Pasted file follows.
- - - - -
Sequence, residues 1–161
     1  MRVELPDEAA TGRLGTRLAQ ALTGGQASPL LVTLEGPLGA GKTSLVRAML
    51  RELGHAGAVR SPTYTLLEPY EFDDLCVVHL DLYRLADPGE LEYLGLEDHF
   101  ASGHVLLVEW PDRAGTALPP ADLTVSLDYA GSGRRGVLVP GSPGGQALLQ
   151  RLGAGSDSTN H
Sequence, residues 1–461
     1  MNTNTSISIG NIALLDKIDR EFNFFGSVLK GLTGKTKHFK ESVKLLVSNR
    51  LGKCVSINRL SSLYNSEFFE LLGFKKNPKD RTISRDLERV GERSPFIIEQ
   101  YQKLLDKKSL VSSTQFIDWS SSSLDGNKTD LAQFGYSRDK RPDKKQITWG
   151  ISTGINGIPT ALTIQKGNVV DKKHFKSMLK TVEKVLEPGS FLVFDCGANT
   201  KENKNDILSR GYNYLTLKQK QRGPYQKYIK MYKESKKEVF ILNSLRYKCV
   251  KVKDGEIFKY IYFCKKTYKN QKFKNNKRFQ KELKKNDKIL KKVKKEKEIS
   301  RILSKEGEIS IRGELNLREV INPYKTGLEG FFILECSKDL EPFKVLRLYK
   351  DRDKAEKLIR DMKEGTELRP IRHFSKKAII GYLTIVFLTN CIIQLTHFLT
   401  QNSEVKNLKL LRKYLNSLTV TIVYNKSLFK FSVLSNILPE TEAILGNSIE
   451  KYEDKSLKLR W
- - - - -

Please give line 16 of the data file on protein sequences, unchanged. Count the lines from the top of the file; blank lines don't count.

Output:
   451  KYEDKSLKLR W